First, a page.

Senator WATERS: Another is: Weather Bureaus appear to have 'homogenised data to suit narratives'.
Dr Vertessy: I reject it.
Senator WATERS: I am quoting here from Maurice Newman: We've had our own busted predictions. Perhaps the most preposterous was climate alarmist Tim Flannery's 2005 observation: 'If the computer records are right these drought conditions will become permanent in eastern Australia.' Subsequent rainfall and severe flooding have shown the records or his analysis are wrong. We've swallowed dud prediction after dud prediction.
Dr Vertessy: It is someone else's opinion and it is a very broad canvas of ideas in that. I am not quite sure what I could say about that, other than to say that there is already a climate change effect on the rainfall of southern Australia.
Senator WATERS: Another is: The Intergovernmental Panel on Climate Change, which we were instructed was the gold standard on global warming, has been exposed repeatedly for misrepresentation and shoddy methods.
Dr Vertessy: I would reject that.
Senator WATERS: And then he goes to his real agenda which is concentrated political authority. 'Global warming is the hook'. And the UN is apparently trying to take over the world. He then goes on and on and on. I will not continue. Thank you for clarifying that his statements were variously not correct, not relevant, an old red herring rejected on multiple occasions. Did you offer Mr Newman a briefing on the state of climate science?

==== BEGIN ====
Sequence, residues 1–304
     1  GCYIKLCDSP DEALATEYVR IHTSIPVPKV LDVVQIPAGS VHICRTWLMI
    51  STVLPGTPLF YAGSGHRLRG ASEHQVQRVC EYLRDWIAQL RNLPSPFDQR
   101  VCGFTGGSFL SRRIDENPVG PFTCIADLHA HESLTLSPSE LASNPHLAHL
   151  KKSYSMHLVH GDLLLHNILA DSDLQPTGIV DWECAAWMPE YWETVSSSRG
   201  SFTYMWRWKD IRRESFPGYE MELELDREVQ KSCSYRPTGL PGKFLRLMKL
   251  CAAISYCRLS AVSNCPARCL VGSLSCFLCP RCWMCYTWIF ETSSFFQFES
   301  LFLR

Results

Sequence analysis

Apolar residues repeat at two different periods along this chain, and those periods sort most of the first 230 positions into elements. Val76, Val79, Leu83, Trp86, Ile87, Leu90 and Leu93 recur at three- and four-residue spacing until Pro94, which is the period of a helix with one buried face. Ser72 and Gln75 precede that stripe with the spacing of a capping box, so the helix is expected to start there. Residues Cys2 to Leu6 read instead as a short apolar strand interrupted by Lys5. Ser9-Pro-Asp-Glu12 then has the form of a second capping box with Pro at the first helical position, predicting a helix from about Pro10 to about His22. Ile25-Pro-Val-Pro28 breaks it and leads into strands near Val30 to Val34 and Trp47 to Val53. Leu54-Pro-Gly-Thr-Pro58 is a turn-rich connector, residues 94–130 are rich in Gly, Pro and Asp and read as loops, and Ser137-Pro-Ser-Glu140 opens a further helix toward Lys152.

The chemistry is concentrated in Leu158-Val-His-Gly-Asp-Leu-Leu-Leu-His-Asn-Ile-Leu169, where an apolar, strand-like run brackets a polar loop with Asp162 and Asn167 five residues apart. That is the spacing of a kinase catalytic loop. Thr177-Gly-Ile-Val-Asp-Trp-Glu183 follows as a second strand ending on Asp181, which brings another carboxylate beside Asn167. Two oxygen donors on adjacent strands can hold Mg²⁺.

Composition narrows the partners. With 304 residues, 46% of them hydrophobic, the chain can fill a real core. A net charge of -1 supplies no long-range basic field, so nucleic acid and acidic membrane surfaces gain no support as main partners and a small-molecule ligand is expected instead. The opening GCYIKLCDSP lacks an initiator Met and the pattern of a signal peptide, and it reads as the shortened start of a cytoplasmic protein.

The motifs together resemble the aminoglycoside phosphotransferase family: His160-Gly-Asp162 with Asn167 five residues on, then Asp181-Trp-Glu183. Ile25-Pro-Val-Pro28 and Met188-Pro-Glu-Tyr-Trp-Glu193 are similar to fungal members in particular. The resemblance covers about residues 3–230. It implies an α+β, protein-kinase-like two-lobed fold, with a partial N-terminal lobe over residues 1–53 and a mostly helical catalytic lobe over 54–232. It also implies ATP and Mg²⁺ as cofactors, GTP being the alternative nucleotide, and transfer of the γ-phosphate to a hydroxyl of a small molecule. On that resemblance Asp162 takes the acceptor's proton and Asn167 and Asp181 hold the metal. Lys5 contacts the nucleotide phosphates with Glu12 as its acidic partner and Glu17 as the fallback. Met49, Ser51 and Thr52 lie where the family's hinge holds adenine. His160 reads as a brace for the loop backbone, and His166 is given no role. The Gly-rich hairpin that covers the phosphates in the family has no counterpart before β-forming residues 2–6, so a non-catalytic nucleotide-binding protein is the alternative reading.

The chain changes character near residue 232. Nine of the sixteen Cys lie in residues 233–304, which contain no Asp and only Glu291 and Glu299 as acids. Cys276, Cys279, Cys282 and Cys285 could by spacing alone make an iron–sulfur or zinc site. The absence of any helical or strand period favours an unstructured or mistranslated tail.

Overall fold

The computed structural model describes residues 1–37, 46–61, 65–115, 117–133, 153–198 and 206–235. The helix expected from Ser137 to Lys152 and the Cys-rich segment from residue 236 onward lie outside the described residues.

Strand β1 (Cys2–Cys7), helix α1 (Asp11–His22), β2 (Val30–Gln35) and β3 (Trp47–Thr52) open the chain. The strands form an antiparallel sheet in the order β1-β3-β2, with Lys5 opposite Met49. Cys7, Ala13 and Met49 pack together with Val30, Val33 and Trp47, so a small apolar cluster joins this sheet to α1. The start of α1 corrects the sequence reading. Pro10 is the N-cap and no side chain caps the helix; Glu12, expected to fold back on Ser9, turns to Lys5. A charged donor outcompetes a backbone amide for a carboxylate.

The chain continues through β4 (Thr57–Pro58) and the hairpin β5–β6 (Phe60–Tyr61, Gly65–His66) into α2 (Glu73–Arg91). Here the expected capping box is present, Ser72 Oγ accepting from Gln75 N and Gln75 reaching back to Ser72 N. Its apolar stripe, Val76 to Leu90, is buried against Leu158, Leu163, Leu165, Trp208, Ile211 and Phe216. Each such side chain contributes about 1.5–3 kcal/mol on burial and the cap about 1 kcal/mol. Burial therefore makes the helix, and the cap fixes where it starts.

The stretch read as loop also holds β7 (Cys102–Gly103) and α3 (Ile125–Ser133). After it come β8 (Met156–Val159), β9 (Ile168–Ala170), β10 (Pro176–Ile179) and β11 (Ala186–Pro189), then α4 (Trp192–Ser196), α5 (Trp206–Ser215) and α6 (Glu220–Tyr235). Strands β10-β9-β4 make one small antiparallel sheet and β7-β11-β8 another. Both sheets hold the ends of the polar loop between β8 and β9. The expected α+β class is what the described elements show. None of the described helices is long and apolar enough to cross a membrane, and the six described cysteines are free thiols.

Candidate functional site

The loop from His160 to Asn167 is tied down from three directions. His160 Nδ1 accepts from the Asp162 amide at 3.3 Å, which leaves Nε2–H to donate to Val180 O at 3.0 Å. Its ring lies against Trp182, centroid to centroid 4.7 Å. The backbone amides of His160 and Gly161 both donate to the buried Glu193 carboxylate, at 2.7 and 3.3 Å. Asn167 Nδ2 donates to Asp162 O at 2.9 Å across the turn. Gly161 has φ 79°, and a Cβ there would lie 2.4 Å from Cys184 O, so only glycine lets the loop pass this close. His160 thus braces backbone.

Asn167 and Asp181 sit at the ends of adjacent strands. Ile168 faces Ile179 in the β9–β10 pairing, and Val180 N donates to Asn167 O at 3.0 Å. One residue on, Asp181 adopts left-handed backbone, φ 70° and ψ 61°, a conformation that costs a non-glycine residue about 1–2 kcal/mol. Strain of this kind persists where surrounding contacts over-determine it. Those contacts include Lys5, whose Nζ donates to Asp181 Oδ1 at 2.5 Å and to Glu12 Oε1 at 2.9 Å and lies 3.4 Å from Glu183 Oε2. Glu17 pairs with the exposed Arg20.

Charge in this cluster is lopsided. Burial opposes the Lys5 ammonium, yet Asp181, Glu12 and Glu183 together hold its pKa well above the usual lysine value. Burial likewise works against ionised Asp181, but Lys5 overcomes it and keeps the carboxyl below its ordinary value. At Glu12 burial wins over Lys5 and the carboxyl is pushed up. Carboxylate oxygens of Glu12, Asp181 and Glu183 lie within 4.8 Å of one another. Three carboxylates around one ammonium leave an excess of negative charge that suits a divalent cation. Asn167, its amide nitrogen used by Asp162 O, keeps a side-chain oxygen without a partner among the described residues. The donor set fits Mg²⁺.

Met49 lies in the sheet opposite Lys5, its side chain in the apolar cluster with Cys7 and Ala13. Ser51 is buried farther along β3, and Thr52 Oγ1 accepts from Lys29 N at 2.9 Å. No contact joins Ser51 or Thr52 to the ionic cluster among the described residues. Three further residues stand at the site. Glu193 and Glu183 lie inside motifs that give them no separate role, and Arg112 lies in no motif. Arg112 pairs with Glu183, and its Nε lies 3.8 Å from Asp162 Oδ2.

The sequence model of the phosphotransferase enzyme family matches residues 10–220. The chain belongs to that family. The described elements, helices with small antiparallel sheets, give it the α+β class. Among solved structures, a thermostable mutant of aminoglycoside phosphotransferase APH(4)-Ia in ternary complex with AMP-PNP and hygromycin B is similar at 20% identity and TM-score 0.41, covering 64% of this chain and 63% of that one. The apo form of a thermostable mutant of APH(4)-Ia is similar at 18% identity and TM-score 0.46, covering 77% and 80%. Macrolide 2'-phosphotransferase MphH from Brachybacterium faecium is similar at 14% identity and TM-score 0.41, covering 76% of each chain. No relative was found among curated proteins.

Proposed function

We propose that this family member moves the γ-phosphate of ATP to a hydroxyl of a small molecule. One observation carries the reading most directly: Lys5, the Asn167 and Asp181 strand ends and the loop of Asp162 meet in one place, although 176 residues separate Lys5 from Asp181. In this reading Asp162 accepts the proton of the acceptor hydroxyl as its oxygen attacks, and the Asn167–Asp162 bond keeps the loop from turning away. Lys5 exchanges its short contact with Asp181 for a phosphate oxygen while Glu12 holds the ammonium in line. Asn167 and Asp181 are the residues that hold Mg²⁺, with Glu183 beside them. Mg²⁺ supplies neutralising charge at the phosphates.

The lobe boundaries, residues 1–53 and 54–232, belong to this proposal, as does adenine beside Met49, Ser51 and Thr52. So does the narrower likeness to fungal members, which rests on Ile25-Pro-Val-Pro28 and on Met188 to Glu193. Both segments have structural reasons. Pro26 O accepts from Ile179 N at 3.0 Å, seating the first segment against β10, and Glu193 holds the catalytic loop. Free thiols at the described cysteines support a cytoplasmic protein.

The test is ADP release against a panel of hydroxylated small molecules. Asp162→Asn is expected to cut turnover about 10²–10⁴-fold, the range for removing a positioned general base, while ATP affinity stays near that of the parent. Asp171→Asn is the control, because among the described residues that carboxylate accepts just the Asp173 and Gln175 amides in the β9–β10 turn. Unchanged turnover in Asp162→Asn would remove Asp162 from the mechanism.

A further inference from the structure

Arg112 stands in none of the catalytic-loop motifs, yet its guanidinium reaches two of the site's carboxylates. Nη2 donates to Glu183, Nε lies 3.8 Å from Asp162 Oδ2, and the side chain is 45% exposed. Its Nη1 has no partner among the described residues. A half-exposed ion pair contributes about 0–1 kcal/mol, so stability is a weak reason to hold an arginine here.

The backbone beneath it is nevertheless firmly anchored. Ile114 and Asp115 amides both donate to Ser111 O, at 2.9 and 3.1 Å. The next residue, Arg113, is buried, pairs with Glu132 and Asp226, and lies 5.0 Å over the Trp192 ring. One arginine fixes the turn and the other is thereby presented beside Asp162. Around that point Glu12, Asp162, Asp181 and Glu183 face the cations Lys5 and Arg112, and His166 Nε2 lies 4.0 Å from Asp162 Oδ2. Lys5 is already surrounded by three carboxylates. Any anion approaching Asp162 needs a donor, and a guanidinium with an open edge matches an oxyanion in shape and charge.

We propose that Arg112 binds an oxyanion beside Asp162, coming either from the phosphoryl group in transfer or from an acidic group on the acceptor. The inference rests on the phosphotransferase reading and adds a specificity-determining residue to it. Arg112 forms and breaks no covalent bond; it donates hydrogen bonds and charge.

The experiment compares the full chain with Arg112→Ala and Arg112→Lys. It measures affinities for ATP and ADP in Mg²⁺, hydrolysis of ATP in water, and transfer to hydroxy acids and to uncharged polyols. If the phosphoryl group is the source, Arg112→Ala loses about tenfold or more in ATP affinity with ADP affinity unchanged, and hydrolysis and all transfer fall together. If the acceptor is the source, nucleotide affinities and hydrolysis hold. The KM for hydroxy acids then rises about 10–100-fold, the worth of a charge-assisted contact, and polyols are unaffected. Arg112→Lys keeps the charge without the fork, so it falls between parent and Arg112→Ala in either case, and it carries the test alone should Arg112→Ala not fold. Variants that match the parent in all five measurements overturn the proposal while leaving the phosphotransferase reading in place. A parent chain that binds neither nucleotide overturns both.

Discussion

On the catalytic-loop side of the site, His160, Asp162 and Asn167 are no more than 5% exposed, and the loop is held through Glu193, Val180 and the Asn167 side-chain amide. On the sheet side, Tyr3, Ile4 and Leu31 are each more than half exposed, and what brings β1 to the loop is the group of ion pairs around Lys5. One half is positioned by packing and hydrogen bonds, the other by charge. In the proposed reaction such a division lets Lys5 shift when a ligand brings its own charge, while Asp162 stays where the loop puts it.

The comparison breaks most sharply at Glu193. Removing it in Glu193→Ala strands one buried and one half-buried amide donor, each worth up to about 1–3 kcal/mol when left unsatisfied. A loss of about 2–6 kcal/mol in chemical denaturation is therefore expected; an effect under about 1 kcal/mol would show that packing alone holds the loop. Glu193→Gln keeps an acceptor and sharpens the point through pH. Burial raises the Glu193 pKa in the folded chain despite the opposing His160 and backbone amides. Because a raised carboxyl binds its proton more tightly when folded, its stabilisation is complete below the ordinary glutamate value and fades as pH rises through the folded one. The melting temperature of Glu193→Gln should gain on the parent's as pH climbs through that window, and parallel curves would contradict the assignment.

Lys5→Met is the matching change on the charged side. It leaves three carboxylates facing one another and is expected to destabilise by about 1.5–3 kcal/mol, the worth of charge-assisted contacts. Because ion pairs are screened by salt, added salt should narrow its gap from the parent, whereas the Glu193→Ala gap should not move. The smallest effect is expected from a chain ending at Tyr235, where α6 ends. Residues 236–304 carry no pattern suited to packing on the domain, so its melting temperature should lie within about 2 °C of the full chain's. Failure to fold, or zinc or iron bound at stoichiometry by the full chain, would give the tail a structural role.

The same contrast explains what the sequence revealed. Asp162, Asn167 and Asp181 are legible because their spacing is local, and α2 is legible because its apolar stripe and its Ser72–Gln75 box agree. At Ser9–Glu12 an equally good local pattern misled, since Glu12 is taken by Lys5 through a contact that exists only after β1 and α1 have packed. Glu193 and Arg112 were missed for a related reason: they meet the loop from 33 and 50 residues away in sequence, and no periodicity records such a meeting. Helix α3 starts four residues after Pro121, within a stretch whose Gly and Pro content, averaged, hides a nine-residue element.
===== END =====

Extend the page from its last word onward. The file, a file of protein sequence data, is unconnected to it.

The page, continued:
Dr Vertessy: No.
Senator WATERS: Have you since?
Dr Vertessy: No.
Senator WATERS: Will you?
Dr Vertessy: No.
Senator WATERS: Have you offered the Prime Minister a briefing on the state of climate science?
Dr Vertessy: No, I have not.
Senator WATERS: Is that something that you might consider doing?
Senator Birmingham: I think, as with all governments, prime ministers, their departments, ministers, their departments, members of the executive request briefings when and where they need them, and they are provided that in the context of certain decision-making processes. I have no doubt that, as matters would have gone through government around the construct of, for example, the highly successful emissions reduction fund, the department would have crystallised within its advice whatever information was relevant from Dr Vertessy and other arms of government in relation to climate science.